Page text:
To disengage the hand from the arm, air line 120 is depressurized, thereby decreasing the pressure in compartment 116, and pressure is increased in compartment 114 by means of air line 118, thereby causing the sleeve 106 to move rearward to its unlocked position against the forward bias of spring 138. Thereafter, an unskilled operator need only give a firm tug on the hand 10 to cause forward inclined surface 28 of notch 30 to push the balls radially outward, thereby allowing the hand to be pulled away from the robotic arm.
It should be understood that the foregoing disclosure relates to only the preferred embodiment of the invention and that numerous modifications or alterations may be made therein without departing from the spirit and scope of the invention as set forth in the appended claims.
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|U.S. Classification||403/322.2, 901/28, 403/328, 403/325|
|International Classification||F16B1/00, F16B21/16, B23B31/107, B23B31/22, B23Q1/00, B23B31/30, B25J15/04|
|Cooperative Classification||B25J15/04, F16B1/005, B23Q1/0063, F16B21/165, Y10T403/592, Y10T403/604, Y10T403/599|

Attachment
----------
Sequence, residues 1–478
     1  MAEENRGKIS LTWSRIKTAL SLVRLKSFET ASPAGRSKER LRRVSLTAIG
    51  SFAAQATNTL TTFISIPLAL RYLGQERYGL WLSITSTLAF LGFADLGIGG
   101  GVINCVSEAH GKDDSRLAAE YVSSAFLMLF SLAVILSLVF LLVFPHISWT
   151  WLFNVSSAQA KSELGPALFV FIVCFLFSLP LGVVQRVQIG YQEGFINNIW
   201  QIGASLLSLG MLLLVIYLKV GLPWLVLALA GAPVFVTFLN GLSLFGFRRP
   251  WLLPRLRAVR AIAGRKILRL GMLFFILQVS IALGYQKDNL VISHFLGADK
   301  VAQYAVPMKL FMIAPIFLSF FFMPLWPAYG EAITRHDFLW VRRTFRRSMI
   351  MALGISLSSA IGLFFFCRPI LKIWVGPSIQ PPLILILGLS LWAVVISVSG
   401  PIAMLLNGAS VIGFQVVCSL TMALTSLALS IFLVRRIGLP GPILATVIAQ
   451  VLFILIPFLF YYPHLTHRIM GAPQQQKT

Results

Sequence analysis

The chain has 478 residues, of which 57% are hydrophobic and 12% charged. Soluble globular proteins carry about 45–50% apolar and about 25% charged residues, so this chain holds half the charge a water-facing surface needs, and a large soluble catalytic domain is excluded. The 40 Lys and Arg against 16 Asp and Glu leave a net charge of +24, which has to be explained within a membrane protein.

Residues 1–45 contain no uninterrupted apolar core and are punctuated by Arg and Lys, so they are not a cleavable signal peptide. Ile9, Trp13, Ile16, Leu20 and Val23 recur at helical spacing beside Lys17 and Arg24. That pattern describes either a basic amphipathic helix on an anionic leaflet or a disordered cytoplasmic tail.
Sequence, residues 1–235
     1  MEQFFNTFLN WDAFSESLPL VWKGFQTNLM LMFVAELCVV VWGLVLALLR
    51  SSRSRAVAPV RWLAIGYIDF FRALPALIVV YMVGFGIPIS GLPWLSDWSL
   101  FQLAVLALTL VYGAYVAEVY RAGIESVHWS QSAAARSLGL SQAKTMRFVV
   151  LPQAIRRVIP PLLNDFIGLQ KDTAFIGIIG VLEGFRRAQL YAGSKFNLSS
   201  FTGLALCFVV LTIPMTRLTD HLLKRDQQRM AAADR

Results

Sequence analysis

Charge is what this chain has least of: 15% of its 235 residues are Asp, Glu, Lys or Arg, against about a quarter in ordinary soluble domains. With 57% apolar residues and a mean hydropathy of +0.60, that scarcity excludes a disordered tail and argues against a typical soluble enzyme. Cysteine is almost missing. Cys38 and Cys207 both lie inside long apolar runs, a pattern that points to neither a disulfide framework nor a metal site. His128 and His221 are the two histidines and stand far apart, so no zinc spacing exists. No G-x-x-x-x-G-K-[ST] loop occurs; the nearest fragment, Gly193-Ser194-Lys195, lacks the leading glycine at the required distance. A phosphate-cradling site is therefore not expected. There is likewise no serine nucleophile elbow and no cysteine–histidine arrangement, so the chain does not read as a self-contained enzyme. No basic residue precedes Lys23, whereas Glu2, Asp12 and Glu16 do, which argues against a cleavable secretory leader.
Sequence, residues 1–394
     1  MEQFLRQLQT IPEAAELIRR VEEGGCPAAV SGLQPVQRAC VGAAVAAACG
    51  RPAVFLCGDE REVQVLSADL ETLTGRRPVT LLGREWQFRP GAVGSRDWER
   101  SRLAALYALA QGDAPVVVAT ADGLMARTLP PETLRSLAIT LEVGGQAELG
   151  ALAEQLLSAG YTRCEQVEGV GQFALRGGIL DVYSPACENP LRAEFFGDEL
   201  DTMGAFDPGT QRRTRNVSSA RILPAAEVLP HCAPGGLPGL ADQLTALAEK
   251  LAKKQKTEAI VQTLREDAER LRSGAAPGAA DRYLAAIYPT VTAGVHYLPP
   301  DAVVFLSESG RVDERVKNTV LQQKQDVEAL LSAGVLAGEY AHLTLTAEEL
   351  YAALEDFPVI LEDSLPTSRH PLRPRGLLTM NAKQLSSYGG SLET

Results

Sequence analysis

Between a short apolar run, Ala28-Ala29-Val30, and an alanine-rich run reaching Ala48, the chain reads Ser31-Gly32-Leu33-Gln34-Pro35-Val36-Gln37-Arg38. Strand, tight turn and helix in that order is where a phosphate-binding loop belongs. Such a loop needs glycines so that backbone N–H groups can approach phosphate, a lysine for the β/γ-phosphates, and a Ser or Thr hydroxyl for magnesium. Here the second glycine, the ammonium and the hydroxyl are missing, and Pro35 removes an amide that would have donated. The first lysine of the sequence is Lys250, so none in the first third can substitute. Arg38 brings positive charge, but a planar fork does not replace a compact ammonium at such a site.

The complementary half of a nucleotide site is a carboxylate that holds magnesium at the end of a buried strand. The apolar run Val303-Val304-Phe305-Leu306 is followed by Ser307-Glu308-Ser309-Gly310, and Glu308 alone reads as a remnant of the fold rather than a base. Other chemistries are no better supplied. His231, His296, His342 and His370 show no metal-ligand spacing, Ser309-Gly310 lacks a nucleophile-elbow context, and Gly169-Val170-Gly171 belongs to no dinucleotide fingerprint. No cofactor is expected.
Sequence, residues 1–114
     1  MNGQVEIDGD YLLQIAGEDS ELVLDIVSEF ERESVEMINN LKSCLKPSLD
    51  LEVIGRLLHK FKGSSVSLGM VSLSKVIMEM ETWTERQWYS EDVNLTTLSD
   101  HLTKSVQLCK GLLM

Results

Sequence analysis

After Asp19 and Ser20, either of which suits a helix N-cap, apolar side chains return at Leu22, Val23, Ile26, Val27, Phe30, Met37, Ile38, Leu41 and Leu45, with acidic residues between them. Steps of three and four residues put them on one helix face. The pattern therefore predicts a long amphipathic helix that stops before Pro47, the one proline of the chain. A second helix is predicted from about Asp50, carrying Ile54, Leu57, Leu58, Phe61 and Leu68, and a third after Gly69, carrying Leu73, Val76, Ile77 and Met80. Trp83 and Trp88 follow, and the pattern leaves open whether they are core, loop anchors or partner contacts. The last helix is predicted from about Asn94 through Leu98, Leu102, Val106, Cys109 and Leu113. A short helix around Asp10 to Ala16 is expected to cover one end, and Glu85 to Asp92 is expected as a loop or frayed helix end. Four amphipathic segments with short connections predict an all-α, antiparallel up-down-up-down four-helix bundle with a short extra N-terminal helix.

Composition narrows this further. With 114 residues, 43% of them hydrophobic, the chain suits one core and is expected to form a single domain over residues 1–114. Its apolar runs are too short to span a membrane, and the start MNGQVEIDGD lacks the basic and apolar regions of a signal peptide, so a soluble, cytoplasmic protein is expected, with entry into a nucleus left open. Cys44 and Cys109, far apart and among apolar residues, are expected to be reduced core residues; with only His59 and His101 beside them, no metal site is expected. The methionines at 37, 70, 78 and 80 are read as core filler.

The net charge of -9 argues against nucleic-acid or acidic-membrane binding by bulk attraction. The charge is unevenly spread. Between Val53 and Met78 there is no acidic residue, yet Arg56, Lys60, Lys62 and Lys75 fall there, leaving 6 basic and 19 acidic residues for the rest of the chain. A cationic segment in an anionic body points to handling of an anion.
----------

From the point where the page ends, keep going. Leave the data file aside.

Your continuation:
|European Classification||F16B21/16B, B25J15/04, B23Q1/00D|
|Mar 2, 1988||AS||Assignment|
Owner name: WES-TECH, INC., 720 DARTMOUTH DRIVE, BUFFALO GROVE
Free format text: ASSIGNMENT OF ASSIGNORS INTEREST.;ASSIGNORS:WESKAMP, ROBERT;TENNERSTEDT, M. RICHARD;REEL/FRAME:004952/0251
Effective date: 19880229
Owner name: WES-TECH, INC., 720 DARTMOUTH DRIVE, BUFFALO GROVE
Free format text: ASSIGNMENT OF ASSIGNORS INTEREST;ASSIGNORS:WESKAMP, ROBERT;TENNERSTEDT, M. RICHARD;REEL/FRAME:004952/0251
Effective date: 19880229
|Sep 7, 1993||FPAY||Fee payment|
Year of fee payment: 4
|Oct 14, 1997||REMI||Maintenance fee reminder mailed|
|Mar 5, 1998||FPAY||Fee payment|
Year of fee payment: 8
|Mar 5, 1998||SULP||Surcharge for late payment|
|Sep 9, 1999||AS||Assignment|
Owner name: BANK OF AMERICA, N.A., ILLINOIS
Free format text: SECURITY AGREEMENT;ASSIGNOR:WES-TECH, INC.;REEL/FRAME:010216/0346
Effective date: 19990805
|Sep 25, 2001||REMI||Maintenance fee reminder mailed|
|Mar 6, 2002||LAPS||Lapse for failure to pay maintenance fees|
|Apr 30, 2002||FP||Expired due to failure to pay maintenance fee|
Effective date: 20020306
|Mar 24, 2005||AS||Assignment|
Owner name: WES-TECH HOLDINGS, LLC, ILLINOIS
Free format text: ASSIGNMENT OF ASSIGNORS INTEREST;ASSIGNORS:HOWARD B. SAMUELS, NOT INIDIVIDUALLY BUT SOLELY AS ASSIGNEE FOR CREDITORS OF WES-TECH, INC.;WES-TECH, INC.;REEL/FRAME:016386/0313;SIGNING DATES FROM 20041203 TO 20050315